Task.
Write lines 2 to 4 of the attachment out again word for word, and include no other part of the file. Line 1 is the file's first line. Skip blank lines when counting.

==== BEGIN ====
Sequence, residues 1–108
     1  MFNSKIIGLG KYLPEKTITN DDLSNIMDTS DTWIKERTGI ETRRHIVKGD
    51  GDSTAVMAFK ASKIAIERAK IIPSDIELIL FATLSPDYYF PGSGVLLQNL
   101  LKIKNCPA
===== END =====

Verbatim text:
     1  MFNSKIIGLG KYLPEKTITN DDLSNIMDTS DTWIKERTGI ETRRHIVKGD
    51  GDSTAVMAFK ASKIAIERAK IIPSDIELIL FATLSPDYYF PGSGVLLQNL
   101  LKIKNCPA